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Why We’re Seeing a Deadlier Flu Season Than We’ve Seen in Years

It's all about those strains.

The 2017-2018 flu season is shaping up to be more nasty than recent years. According to the U.S. Centers for Disease Control and Prevention, 13 children have already died from the flu this season. USA Today reports that some states are reporting much higher rates of flu-related hospitalizations than at this point one year ago.

What makes this season more threatening than others? Well, there’s a very specific reason, and it has to do with which particular type of flu strain is dominant this year. You see, the sickness you get from the flu is actually caused by a bunch of different strains of the influenza virus. This flu season, influenza A(H3N2) is the dominant strain, and it’s a biological bully.

Influenza A(H3N2) is the dominant flu strain this flu season, and it's exceptionally yucky.

Historically, flu seasons where influenza A(H3N2) was the dominant strain saw more young people and people 65 years or older being hospitalized or dying when compared to people in the middle of that age range. But it’s not just that A(H3N2) is a stronger viral strain — it’s also harder to vaccinate against.

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“[I]nfluenza vaccine effectiveness (VE) in general has been lower against A(H3N2) viruses than against influenza A(H1N1)pdm09 or influenza B viruses,” reads a CDC announcement from the end of December 2017. “Last season, VE against circulating influenza A(H3N2) viruses was estimated to be 32% in the U.S.”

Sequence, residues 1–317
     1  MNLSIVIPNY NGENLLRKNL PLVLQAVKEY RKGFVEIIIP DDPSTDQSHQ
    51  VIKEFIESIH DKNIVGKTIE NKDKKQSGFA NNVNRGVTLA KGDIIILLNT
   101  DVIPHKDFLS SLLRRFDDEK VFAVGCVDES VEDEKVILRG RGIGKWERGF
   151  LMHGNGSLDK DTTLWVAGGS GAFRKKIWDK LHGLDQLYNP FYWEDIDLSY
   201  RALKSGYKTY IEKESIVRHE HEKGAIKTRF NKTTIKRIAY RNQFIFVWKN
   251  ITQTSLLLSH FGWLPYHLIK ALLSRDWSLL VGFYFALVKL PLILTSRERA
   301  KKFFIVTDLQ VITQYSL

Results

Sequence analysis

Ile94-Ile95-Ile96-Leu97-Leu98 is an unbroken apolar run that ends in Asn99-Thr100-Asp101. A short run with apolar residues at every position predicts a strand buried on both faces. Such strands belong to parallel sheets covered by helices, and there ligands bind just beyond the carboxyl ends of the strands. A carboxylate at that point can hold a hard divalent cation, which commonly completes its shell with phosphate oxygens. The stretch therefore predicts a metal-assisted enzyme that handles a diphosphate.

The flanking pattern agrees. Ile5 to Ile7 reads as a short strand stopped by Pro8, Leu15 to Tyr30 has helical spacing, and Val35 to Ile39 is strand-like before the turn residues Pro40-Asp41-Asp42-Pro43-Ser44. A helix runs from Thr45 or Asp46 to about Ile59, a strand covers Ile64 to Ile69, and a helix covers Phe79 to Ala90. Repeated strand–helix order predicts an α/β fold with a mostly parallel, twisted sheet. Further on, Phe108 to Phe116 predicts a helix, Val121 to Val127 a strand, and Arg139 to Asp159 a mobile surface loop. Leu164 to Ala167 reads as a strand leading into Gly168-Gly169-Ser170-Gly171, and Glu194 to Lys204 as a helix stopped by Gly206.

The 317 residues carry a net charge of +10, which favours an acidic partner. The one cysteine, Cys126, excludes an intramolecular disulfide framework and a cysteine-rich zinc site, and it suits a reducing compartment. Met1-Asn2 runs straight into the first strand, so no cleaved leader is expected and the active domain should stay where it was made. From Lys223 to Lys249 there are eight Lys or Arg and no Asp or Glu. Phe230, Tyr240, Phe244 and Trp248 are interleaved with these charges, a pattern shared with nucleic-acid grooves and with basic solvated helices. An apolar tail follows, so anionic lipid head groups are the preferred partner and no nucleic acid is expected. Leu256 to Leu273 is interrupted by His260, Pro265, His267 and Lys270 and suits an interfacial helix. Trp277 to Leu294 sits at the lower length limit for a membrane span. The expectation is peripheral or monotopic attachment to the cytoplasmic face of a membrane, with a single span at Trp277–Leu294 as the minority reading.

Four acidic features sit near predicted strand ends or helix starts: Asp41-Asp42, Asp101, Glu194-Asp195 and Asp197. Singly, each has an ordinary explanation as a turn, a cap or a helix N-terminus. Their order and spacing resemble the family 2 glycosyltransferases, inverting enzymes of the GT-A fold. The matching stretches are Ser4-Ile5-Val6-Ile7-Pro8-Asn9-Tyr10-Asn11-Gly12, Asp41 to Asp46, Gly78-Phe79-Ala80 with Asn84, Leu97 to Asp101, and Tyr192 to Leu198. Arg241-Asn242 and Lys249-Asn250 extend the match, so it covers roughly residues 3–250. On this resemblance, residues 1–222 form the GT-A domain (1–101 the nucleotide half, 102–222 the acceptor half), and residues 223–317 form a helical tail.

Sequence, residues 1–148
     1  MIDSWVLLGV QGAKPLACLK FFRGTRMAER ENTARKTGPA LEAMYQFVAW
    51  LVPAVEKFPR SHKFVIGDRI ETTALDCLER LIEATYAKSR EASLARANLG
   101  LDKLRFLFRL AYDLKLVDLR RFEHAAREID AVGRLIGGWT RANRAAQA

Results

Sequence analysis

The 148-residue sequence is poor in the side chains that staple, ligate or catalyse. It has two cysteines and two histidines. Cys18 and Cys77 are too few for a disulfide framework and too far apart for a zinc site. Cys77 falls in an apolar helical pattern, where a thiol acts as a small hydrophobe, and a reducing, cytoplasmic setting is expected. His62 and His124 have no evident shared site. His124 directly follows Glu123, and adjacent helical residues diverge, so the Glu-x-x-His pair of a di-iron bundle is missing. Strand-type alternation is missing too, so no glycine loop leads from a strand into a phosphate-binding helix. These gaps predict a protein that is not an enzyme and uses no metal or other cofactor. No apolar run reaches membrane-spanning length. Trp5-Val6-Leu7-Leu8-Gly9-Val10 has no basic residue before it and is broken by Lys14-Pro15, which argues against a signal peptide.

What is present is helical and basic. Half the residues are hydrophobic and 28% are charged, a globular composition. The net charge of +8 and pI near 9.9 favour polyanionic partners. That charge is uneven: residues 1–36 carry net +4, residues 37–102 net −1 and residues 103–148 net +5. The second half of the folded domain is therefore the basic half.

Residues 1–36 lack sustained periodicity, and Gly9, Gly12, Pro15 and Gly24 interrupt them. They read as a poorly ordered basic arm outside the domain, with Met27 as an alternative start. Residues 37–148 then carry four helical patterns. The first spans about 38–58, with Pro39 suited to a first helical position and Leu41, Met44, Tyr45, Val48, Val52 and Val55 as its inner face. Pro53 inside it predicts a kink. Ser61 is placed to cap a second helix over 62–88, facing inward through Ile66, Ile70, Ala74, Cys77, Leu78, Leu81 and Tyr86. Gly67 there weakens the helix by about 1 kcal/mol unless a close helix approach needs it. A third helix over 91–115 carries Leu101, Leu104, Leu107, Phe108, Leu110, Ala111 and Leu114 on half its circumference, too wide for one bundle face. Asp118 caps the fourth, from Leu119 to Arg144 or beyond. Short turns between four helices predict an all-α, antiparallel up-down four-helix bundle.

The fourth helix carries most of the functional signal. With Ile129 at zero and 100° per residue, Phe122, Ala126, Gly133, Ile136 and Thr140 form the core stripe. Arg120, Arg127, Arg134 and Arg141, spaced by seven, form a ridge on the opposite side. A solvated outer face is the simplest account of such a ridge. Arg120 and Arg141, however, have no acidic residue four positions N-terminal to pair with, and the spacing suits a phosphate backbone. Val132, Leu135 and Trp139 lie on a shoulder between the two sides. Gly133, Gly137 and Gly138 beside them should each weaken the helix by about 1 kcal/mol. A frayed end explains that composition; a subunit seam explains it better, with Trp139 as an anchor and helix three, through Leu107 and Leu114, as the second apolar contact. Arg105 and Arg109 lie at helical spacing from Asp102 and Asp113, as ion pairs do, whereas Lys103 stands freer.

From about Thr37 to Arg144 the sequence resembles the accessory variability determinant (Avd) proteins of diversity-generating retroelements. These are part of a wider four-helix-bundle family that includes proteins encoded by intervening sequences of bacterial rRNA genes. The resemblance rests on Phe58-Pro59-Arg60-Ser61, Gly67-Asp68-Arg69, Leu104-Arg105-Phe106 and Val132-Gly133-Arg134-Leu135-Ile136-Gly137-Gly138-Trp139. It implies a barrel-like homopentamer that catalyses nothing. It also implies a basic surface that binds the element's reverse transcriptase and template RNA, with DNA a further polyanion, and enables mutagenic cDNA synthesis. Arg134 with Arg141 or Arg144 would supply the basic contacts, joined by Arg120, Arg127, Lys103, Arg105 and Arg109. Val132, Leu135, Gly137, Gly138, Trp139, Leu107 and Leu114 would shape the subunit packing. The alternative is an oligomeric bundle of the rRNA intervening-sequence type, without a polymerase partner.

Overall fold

That is not a great success rate for a vaccine, but it’s not necessarily because the vaccines are ineffective. That’s just how the flu vaccine works. The flu mutates so much from year to year that it’s really hard to effectively cover all our viral bases with a single vaccine. Usually, the flu vaccine you get at the doctor or drug store includes deactivated cells from two types of influenza A (H1N1 and H3N2) and influenza B. These cells, in combination with immune system irritating “adjuvants” help prep your immune system to fight off viral infection.

But unfortunately, these vaccines are just our best guess attempt at preempting the impact of flu in what has always been a perpetual viral arms race. For this reason, the CDC is recommending that all doctors who might be treating flu patients — which, to be clear, is all doctors who treat any patients — should also have antiviral medications on-hand.

And even though the success rate of the flu vaccine is relatively low, it’s still a good idea to get it. It will help protect you and your friends, family, and co-workers. It looks like this season, we need every weapon we can get.


Steve Irwin: He Gave Attention to One of Nature's Saltiest Big Boys

The endangered saltwater crocodile received a helping hand from Irwin.